In Reply to: What do I need to set up my first Thorens? posted by Brother GD on October 06, 2002 at 22:30:00:
For years I just followed the instructions in my Thorens user manual.And if you do follow the user manual setup procedure just as Thorens describes it, complete with the TP60 head shell alignment device, you will be somewhere in the alignment ball park and this won't harm your records.
The above picture shows the plastic alignment jig and assorted plastic mounting shims and steel screws. This comes standard with the TD160 MK 1 when you buy it new. The user manual shows you how to use it. The shims and screws can be purchased even now at : firstname.lastname@example.org The jig is NLA but can be found used occasionally on ebay and when you buy a used TD160 MK 1 from some of the more careful turntable owners still out there.
User manual available for download here:
However, if you'd like to get more accurate in your alignment geometry and achieve better sound with your TP16 Mk 1 tonearm, try the following:
1) Use a two point protractor that employs the Baerwald alignment theorem. A good example of this can be had when you buy the HFNRR test record. More about the test record later.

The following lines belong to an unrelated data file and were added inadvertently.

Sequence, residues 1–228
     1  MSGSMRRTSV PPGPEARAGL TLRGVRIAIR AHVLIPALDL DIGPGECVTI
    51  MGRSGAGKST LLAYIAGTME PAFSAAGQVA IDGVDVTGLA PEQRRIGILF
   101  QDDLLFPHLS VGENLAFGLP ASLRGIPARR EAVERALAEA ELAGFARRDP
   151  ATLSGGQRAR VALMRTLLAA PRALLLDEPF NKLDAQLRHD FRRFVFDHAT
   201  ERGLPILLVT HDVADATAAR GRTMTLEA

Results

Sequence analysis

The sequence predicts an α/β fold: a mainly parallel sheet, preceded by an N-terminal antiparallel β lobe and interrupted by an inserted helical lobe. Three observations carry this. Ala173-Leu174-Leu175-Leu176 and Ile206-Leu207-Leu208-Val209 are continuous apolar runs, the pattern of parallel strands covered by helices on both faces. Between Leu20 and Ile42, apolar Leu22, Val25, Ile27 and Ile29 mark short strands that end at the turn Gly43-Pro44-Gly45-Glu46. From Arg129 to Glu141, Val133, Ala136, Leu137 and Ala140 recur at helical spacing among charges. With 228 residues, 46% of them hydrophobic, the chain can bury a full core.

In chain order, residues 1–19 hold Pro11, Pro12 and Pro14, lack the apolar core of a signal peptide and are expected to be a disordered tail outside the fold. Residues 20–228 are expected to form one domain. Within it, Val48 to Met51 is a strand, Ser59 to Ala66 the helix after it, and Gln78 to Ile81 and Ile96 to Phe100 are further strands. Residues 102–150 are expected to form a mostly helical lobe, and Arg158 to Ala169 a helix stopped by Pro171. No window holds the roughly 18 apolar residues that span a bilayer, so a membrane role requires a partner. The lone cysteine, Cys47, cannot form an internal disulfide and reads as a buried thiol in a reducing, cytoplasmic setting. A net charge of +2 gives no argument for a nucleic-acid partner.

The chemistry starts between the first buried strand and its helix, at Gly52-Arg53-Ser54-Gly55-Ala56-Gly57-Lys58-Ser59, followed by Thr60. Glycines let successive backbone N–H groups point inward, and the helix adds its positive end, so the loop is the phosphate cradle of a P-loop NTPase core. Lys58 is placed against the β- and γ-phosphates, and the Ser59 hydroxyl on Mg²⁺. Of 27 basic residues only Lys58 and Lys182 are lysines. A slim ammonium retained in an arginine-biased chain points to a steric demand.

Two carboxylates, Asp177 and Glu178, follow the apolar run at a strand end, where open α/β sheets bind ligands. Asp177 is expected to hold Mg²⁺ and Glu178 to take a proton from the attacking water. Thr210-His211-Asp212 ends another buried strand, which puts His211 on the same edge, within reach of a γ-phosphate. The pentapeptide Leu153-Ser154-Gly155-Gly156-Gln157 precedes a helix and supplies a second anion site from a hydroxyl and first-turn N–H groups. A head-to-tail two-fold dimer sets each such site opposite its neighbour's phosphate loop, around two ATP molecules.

2) Get a cheap $20 Shure SFG-2 stylus pressure scale for setting VTF.
3) Print out the cartridge alignment tutorials that are available in the FAQ section at The Audio Asylum. Here:
Do read some of the articles listed in the turntable FAQ at Audio Asylum. There is a wealth of information there that answer most if not all questions that could possibly be imagined.
4) Do buy the HFNRR test record and use it once you've mounted and aligned your cartridge to the protractor and made preliminary settings for VTF and VTA. The test record will prove more accurate than the scale settings on your TP16 for setting anti-skate. This will also help you diagnose problems with your mounting and current condition of pivot bearings.
5) Review the Alignment FAQ here at The Analog Dept to get familiar with alignment terminology like VTF, VTA, Overhang, Effective Length, Pivot to Spindle distance, azimuth, SRA, etc.
6) The TD160 also requires occasional tuning and maintenance of the suspended platter/tonearm sub-chassis. There is another tutorial for this here: http://www.theanalogdept.com/susp_tim_bailey.htm
When sorting out a recently purchased used Thorens, I would most certainly look through the suspension to correct whatever errors exist there. One preliminary check would be to get a ruler and measure from the bottom of the outer platter rim to the top surface of the turntable at three points around the perimeter. If you find the distance to vary more than 1/8 inch, adjustment will be advisable and worth the effort.
7) If you don't live on a solid, concrete floor, get a wall shelf for your Thorens to stand on. The benefits will be obvious.
The TD160 is an old and inexpensive used turntable with very good build quality. When correctly tuned, it can offer extraordinary sound quality far beyond the price you paid, but it is also a turntable that needs to be "in tune" before it can do any of that.